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Monday, October 1, 2012

Univision's Reporting on "Fast and Furious"

Ignored by the U.S. mainline media, "Fast and Furious" is finally getting the coverage it deserves through Univision. Bob Owens at PJ Media writes:
On Sunday night, Spanish-language station Univision— one of the only networks to provide critical coverage of President Obama’s failures in office instead of cream-puff interviews — broke open the Fast and Furious investigation, revealing new evidence of weapons smuggling and displaying shocking new images of the bloody aftermath of the government-supported gun-smuggling program.

The Univision report undermines the integrity of the recently released DOJ inspector general report on Operation Fast and Furious, already heavily criticized as an attempt to whitewash criminal activity within the Obama administration.

The hour-long Univision report revealed the existence of another 57 guns recovered by Mexican authorities, including some of those used in the mass-murder at a party just one year after Obama’s inauguration . . . .
These 57 recovered weapons discovered are in addition to the 122 weapons referenced in a congressional report. . . .  It is even more disturbing to know that American Department of Justice officials knew that most of the weapons walked over the border would only be discarded by the police and recovered by Mexican authorities after they were used in a crime, and that they were indifferent to the body count being racked up, callously noting that to make an omelet, eggs had to be broken.

Univision pulled no punches in describing the horrors of the Villas de Salvarcar massacre, even showing a graphic pool of blood reminiscent of the iconic Normandy D-Day invasion scene in the classic World War II film The Big Red One.

The report also shed more light on a fact that many in the media have attempted to ignore — namely, that Operation Fast and Furious was not the only federal gun-walking operation providing weapons to criminals at this time.

Operation Castaway, run with the same bloody-minded approach as Operation Fast and Furious, provided more than 1,000 guns to cartels via the Tampa ATF. Those guns leaked out across Honduras, Colombia, and Venezuela, according to the U.S. veteran who smuggled some of the weapons, Hugh Crumpler:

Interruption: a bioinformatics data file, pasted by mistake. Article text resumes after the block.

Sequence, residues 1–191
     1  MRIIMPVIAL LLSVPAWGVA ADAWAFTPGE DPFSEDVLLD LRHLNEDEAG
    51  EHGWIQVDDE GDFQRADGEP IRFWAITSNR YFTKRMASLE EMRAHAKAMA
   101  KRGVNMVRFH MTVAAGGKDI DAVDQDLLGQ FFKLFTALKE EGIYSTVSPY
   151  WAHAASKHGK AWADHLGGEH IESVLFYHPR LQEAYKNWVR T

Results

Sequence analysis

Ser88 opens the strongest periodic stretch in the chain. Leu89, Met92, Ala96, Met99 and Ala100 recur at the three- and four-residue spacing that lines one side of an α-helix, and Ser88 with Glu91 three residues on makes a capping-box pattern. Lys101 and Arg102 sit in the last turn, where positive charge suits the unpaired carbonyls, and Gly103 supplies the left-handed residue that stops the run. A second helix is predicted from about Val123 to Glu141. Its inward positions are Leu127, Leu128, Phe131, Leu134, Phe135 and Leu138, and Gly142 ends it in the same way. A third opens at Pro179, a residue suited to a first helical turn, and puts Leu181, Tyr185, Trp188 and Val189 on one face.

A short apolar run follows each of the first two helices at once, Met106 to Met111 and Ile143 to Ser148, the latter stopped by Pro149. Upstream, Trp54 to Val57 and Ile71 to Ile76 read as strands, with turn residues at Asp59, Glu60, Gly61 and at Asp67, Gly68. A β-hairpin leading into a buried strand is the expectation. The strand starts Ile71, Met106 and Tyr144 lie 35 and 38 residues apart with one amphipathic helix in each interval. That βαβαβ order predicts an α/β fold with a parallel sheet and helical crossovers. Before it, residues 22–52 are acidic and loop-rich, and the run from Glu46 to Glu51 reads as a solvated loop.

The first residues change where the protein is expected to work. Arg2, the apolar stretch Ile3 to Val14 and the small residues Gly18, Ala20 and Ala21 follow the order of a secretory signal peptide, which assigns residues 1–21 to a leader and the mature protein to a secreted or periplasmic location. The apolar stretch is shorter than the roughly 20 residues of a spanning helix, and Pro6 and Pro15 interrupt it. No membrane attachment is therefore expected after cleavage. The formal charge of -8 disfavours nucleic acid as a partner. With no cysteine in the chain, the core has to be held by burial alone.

“When the ATF stopped me, they told me the guns were going to cartels,” Hugh Crumpler, a Vietnam veteran turned arms trafficker, told Univision News. “The ATF knew before I knew and had been following me for a considerable length of time. They could not have followed me for two months like they said they did, and not know the guns were going somewhere, and not want for that to be happening.”
Univision also uncovered evidence of weapons being smuggled from Texas: two gun-smuggling programs similar to Fast and Furious are rumored to have put thousands of additional weapons in the cartels’ hands in operations larger than Fast and Furious. ... The Department of Justice has denied the existence of such programs, despite the physical evidence of guns recovered suggesting otherwise. While the Univision report focused on guns the DOJ ran to Mexican cartels, there is enough evidence to suggest other Obama administration-sanctioned gun-walking plots arming domestic criminal gangs, such as the so-called Gangwalker plot in Indiana, which supplied Chicago street gangs, and similar rumored operations in California, North Carolina, northern Florida, and elsewhere, which provided weapons to gangs in U.S. cities. Nor has the Univision report focused on weapons that have found their way to cartels via the State Department or the Department of Defense.

Ever since Mike Vanderboegh and David Codrea broke the story of Obama administration gun-walking, critics have been noting that this is the biggest, bloodiest scandal in U.S. presidential history.

Despite a concerted effort by the mainstream media to ignore the story and the Obama administration’s attempt to stonewall investigators, this story seems to be catching fire.
More on Univisions reporting here.

I have two observations. (1) It appears that Univision waited for the Congressional report to come out before releasing this story. The "white wash" in the Congressional report is even more damning because of the timing. (2) Because this reporting is coming through a Spanish language news service, it will have a much greater impact on Hispanic voters than if it had come through the regular media.

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